Tuesday, March 28, 2023
Planning process to be streamlined in Carmarthen and Ammanford

Planning process to be streamlined in Carmarthen and Ammanford

NEW planning rules to help bring businesses and people into Carmarthen and Ammanford town centres are set to be introduced.

The streamlined “local development orders” allow for certain specified developments within a defined area without the need for planning permission, although there are requirements to be met.

Carmarthenshire councillors approved orders for the two towns at a meeting on June 9, although a call was made for more capital investment to really make a difference.

The orders will need Welsh Government approval before being implemented.

Deputy council leader Mair Stephens said the orders would build on the evidence and experience of Llanelli, which has had an order in place for two years.

“It is intended that it will be easier to bring shops into use and provide town centre living on upper floors,” she said.

Seconding the proposal, Cllr Peter Hughes Griffiths said there was a lot of work to do to regenerate town centres, and that health and leisure opportunities would be very much part of the discussion.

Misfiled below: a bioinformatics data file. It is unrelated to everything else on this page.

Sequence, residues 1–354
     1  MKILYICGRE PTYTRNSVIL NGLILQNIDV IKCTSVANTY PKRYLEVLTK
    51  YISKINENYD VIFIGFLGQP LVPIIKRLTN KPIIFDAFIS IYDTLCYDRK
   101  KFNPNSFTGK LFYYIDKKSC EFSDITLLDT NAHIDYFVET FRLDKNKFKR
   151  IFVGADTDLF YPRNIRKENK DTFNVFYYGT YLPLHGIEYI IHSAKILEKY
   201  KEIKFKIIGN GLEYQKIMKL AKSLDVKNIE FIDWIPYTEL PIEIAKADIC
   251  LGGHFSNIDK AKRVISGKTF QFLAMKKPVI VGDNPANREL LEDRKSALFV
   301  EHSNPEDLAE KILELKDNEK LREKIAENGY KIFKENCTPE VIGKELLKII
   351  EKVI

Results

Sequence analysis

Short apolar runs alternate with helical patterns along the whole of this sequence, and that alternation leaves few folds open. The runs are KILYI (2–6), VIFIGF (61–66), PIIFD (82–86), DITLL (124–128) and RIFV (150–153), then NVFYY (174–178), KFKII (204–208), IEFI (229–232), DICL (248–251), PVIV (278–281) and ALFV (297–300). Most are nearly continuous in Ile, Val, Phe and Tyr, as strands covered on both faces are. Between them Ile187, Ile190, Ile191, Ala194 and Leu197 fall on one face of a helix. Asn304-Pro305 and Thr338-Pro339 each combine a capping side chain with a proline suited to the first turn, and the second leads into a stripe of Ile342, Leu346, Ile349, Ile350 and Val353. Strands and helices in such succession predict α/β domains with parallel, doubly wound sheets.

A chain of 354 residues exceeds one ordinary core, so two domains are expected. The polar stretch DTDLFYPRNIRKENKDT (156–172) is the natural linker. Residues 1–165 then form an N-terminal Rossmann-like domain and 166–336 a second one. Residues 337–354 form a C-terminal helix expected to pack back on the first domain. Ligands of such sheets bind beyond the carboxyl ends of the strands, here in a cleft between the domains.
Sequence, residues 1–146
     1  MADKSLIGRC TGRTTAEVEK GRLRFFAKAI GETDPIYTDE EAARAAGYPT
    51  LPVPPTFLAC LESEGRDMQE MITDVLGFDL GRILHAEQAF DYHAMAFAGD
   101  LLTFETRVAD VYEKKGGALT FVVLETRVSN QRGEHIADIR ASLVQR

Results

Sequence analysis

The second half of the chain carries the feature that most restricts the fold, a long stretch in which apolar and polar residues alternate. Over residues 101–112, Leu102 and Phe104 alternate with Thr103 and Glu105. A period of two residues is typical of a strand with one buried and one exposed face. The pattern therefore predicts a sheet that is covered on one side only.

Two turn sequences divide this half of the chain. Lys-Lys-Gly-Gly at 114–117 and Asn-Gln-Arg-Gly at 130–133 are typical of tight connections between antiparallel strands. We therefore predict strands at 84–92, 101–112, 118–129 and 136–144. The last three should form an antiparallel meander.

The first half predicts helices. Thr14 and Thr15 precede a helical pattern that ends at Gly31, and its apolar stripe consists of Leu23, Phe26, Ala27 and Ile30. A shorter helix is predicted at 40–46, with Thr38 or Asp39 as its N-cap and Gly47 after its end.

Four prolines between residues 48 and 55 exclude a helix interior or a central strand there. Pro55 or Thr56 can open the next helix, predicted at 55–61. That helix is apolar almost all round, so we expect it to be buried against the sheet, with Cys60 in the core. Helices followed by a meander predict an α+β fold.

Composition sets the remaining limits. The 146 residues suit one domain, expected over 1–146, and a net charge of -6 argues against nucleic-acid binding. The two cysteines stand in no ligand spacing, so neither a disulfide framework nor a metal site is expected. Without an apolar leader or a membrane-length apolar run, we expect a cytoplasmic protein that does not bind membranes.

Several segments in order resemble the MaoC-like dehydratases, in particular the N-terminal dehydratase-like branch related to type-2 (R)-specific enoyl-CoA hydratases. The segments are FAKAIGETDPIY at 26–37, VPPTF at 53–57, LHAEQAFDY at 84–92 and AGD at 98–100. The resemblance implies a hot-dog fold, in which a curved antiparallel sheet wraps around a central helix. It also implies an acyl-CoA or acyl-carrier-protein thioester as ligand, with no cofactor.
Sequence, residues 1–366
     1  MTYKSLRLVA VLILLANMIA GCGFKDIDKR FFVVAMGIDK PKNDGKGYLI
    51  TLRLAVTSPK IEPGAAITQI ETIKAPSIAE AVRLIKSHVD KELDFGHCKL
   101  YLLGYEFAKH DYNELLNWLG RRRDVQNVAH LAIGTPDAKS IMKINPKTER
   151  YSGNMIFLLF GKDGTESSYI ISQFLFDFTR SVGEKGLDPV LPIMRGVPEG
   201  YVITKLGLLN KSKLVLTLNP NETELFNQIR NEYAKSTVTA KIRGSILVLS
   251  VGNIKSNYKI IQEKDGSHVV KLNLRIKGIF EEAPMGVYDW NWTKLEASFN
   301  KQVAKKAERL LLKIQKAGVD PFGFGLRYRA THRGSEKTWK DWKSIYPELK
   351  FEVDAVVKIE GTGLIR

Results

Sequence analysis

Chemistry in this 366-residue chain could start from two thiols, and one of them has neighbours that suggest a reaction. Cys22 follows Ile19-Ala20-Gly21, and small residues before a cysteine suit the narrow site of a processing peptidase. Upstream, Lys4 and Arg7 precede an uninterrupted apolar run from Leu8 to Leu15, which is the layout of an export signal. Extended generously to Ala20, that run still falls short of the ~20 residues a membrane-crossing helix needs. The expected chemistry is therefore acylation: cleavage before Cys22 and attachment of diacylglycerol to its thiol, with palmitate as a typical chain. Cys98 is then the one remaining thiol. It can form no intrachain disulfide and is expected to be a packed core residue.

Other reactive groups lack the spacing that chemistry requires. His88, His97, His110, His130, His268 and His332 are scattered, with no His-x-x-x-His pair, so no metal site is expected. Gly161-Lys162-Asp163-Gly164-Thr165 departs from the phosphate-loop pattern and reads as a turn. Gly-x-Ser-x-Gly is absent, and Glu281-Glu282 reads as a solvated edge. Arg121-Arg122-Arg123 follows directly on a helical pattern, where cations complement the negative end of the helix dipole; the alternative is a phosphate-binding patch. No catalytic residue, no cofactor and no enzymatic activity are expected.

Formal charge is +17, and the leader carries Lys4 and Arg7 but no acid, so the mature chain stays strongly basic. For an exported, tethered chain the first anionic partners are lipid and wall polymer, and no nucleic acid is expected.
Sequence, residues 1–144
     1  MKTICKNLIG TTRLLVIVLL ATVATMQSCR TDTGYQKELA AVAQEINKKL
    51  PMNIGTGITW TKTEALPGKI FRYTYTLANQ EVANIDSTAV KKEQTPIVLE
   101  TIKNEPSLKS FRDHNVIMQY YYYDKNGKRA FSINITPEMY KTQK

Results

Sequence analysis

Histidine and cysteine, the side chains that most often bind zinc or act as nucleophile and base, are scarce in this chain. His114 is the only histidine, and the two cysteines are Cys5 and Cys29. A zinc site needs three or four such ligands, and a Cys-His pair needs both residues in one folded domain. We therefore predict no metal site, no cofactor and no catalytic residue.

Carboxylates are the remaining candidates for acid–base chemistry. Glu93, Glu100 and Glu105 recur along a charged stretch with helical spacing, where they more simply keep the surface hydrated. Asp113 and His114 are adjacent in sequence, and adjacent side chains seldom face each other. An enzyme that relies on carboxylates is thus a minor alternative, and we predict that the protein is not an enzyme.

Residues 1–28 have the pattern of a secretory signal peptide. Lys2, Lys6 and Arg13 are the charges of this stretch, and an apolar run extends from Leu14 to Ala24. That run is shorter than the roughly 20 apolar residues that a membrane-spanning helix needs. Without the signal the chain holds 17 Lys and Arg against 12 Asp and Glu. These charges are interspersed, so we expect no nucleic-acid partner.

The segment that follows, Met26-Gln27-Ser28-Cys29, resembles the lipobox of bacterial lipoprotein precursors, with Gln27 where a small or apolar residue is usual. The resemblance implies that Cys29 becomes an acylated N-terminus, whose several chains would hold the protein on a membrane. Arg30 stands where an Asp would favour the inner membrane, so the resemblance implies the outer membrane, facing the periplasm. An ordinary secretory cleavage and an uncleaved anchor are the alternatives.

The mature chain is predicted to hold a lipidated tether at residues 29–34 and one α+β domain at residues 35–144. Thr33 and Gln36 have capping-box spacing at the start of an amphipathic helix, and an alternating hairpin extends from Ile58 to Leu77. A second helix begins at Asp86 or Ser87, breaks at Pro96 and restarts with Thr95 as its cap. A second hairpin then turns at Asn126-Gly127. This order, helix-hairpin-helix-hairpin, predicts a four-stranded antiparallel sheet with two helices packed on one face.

The rise of online shopping has chipped away at high streets for years – a trend exacerbated by Covid lockdowns and restrictions. High profile retailers have struggled or even gone out of business.

Carmarthen has recently lost its Debenhams anchor store, at St Catherine’s Walk Shopping Centre. It does, like Llanelli, now have a dedicated business improvement group (BID) to support traders and sign the town’s praises.

Cllr Alun Lenny, who represents Carmarthen Town South, said the orders could help town centres become more attractive and competitive.

Cllr Kevin Madge described the loss of Debenhams as “devastating”, and added that his home town of Ammanford had many empty shops.

“I support this action, but the problem with Ammanford, we’ve got buildings that have gone past their sell-by date,” he said.

Capital investment from the county council, said Cllr Madge, was needed to make a difference.

“Without proper capital, we ain’t going forward,” he said.

The council has consulted on the orders, and most of the 19 responses were supportive.

Carmarthen Town South councillor Gareth John said the orders had their limitations, particularly in respect of listed buildings – which aren’t covered – but described them as “a step in the right direction”.

A new development plan for Carmarthenshire is expected to factor in the changing high street and retail trends. It is due to be adopted in 2022.

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